In 2013, the median LSAT score of students admitted to Florida Coastal School of Law was in thebottom quarter of all test-takers nationwide. According to the test’s administrators, students with scores this low are unlikely to ever pass the bar exam.
Despite this bleak outlook, Florida Coastal charges nearly $45,000 a year in tuition, which, with living expenses, can lead to crushing amounts of debt for its students. Ninety-three percent of the school’s 2014 graduating class of 484 had debts and the average was almost $163,000 — a higher average than all but three law schools in the country. In short, most of Florida Coastal’s students are leaving law school with a degree they can’t use, bought with a debt they can’t repay.
If this sounds like a scam, that’s because it is. Florida Coastal, in Jacksonville, is one of six for-profit law schools in the country that have been vacuuming up hordes of young people, charging them outrageously high tuition and, after many of the students fail to become lawyers, sticking taxpayers with the tab for their loan defaults.
Yet for-profit schools are not the only offenders. A majority of American law schools, which have nonprofit status, are increasingly engaging in such behavior, and in the process threatening the future of legal education.
Why? The most significant explanation is also the simplest — free money.
In 2006, Congress extended the federal Direct PLUS Loan program to allow a graduate or professional student to borrow the full amount of tuition, no matter how high, and living expenses. The idea was to give more people access to higher education and thus, in theory, higher lifetime earnings. But broader access doesn’t mean much if degrees lead not to well-paying jobs but to heavy debt burdens. That is all too often the result with PLUS loans.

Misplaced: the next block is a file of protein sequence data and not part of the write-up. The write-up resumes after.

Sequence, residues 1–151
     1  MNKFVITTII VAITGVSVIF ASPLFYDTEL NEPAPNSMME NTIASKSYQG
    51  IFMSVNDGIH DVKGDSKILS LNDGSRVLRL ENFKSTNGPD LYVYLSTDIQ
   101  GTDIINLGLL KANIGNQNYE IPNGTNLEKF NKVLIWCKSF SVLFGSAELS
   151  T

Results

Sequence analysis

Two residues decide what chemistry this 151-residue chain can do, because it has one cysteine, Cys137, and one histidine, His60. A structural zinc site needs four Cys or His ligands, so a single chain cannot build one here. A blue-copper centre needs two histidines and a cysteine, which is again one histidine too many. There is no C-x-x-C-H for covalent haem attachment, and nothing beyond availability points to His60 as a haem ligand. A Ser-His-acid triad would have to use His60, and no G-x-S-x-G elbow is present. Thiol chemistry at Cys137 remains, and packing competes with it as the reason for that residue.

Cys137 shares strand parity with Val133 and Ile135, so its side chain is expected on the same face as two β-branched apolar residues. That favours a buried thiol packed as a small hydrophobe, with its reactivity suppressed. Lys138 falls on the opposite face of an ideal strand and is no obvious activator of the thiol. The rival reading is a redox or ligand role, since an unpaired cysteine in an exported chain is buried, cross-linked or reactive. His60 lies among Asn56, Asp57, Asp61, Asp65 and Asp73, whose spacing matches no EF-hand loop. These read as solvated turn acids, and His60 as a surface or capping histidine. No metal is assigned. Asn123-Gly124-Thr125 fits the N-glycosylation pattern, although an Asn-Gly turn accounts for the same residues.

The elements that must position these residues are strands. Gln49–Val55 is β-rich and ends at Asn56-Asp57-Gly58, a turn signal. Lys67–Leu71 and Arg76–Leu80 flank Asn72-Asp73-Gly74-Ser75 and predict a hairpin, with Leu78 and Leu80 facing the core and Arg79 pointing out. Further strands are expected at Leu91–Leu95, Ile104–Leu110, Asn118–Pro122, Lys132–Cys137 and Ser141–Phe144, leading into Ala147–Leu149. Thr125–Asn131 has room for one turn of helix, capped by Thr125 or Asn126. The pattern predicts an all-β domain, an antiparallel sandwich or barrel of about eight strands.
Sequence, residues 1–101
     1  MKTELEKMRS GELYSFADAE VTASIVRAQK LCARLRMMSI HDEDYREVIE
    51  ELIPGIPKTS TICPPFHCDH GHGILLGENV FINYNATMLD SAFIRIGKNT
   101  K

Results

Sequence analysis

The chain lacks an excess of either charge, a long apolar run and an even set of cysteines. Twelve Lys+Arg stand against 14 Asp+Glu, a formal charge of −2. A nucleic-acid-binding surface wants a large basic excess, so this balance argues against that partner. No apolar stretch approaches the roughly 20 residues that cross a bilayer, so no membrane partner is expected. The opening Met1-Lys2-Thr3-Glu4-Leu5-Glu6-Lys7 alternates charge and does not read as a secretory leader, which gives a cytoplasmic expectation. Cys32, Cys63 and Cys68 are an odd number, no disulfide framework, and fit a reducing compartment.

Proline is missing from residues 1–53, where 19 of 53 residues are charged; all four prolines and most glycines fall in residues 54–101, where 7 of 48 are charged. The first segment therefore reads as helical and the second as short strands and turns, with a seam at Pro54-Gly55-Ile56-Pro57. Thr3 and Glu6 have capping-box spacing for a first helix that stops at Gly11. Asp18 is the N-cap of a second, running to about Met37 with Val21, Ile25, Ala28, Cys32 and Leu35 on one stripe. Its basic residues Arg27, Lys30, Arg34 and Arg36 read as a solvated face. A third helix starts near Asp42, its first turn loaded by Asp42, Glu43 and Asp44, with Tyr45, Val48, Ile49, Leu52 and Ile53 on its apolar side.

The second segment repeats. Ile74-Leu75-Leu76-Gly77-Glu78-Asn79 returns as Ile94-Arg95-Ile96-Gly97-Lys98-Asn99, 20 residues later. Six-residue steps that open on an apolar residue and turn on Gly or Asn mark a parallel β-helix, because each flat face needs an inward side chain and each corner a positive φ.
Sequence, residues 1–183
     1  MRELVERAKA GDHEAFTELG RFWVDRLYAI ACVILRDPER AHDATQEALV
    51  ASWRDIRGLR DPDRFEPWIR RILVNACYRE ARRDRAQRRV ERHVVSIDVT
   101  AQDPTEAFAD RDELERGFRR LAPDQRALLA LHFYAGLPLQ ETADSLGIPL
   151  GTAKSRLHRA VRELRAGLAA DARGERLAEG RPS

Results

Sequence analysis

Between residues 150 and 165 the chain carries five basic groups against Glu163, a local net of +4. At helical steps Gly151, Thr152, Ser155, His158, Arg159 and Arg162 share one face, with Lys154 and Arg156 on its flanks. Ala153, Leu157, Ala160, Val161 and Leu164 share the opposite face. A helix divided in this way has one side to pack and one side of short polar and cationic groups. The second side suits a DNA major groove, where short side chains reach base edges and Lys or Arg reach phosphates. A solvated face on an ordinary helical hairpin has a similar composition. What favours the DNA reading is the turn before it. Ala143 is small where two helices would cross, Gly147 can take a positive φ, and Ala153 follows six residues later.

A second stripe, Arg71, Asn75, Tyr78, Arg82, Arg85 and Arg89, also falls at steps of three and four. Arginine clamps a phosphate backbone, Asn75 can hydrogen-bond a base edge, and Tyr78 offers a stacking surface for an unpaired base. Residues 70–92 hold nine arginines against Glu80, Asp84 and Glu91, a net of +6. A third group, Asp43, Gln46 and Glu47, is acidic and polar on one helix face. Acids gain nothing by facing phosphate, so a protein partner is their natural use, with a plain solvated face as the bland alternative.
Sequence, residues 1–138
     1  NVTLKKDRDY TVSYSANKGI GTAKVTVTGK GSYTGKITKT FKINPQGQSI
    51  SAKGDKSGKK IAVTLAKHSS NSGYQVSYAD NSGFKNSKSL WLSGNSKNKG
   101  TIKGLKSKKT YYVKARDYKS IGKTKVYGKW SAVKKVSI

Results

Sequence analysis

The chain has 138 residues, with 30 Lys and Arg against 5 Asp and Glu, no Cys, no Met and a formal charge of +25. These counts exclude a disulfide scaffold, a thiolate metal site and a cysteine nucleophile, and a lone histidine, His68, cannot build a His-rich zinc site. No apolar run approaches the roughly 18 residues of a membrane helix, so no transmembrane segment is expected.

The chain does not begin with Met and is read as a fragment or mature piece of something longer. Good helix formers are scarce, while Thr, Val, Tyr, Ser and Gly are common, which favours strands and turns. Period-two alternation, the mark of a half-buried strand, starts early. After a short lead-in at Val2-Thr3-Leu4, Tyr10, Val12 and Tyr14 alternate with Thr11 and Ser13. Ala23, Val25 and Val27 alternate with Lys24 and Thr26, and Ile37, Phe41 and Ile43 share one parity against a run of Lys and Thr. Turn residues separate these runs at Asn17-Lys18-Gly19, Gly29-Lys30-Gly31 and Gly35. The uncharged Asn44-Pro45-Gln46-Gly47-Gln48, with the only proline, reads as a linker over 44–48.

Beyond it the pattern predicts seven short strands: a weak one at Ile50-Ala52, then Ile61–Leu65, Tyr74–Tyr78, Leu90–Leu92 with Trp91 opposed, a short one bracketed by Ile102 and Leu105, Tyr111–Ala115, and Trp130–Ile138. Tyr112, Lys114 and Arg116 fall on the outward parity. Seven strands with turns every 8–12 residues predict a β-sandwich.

The consequences of this free flow of federal loans have been entirely predictable: Law schools jacked up tuition and accepted more students, even after the legal job market stalled and shrank in the wake of the recession. For years, law schools were able to obscure the poor market by refusing to publish meaningful employment information about their graduates. But in response to pressure from skeptical lawmakers and unhappy graduates, the schools began sharing the data — and it wasn’t a pretty picture. Forty-three percent of all 2013 law school graduates did not have long-term full-time legal jobs nine months after graduation, and the numbers are only getting worse. In 2012, the average law graduate’s debt was $140,000, 59 percent higher than eight years earlier.
This reality has contributed to the drastic drop in law school applications since 2011, which has in turn exacerbated the problem — to maintain enrollment numbers, law schools have had to lower their admissions standards and take even more unqualified students. These students then fail to pass the bar in alarmingly high numbers — in 2014, the average score on the common portion of the test was the lowest in more than 25 years.
How can this death spiral be stopped? For starters, the government must require accountability from the law schools that live off student loans. This year, the Obama administration extended the so-called gainful employment rule, which ties a school’s eligibility to receive federal student loans to its success in preparing graduates for jobs that will enable them to repay their debt. The rule currently applies only to for-profit law schools, all of which, given their track records, would fail to qualify for federal loans.
This rule should also apply to nonprofit schools. If it did, as many as 50 nonprofit schools could fail as well, based on one measure that considers students’ debt-to-income ratio. Another good idea would be to cap the amount of federal loans available to individual schools or to students. This could drive down tuition costs, and reduce the debt loads students carry when they leave school.
Perhaps the most galling part of this crisis is the misallocation of resources. Even as law schools are churning out unqualified graduates stuck under hopeless mountains of debt, millions of poor and lower-income Americans remain desperate for quality legal representation. Public defenders around the country rely on minuscule budgets to handle overwhelming caseloads. In many cases, the lawyers are so overworked that they cannot provide constitutionally adequate representation for criminal defendants. Civil legal services that help people with housing, immigration and workplace issues are even more scarce, with hardly any public support.
If fewer federal dollars were streaming into law schools’ coffers and more were directed to fund legal services organizations, the legal profession — and the American legal system as a whole — would be better for it.